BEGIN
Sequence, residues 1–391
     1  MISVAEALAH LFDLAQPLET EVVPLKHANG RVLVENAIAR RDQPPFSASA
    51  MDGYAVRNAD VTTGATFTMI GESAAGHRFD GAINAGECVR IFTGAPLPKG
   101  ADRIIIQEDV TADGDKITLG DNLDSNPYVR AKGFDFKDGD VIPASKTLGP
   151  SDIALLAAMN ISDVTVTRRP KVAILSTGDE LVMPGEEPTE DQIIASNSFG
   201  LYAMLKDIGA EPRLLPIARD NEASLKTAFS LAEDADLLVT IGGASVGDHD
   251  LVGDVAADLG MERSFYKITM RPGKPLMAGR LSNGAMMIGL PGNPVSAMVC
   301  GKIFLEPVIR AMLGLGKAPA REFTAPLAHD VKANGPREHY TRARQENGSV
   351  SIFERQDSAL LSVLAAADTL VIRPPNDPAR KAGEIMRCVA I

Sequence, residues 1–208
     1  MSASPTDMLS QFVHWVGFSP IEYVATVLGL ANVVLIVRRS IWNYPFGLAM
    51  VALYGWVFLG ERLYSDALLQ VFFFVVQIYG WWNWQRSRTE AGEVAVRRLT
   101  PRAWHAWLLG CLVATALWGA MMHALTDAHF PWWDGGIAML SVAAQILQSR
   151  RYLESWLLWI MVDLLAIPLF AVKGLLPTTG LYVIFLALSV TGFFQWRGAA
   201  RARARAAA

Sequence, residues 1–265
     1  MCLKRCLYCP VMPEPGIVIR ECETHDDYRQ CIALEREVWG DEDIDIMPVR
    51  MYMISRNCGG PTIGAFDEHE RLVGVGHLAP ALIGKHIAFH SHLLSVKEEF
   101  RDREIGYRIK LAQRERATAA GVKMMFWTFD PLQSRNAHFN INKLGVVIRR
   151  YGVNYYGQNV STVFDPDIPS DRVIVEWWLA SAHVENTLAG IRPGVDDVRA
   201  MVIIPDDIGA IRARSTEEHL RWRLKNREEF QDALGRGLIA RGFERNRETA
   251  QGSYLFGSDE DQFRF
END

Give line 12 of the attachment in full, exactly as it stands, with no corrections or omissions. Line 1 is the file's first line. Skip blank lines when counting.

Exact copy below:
    51  VALYGWVFLG ERLYSDALLQ VFFFVVQIYG WWNWQRSRTE AGEVAVRRLT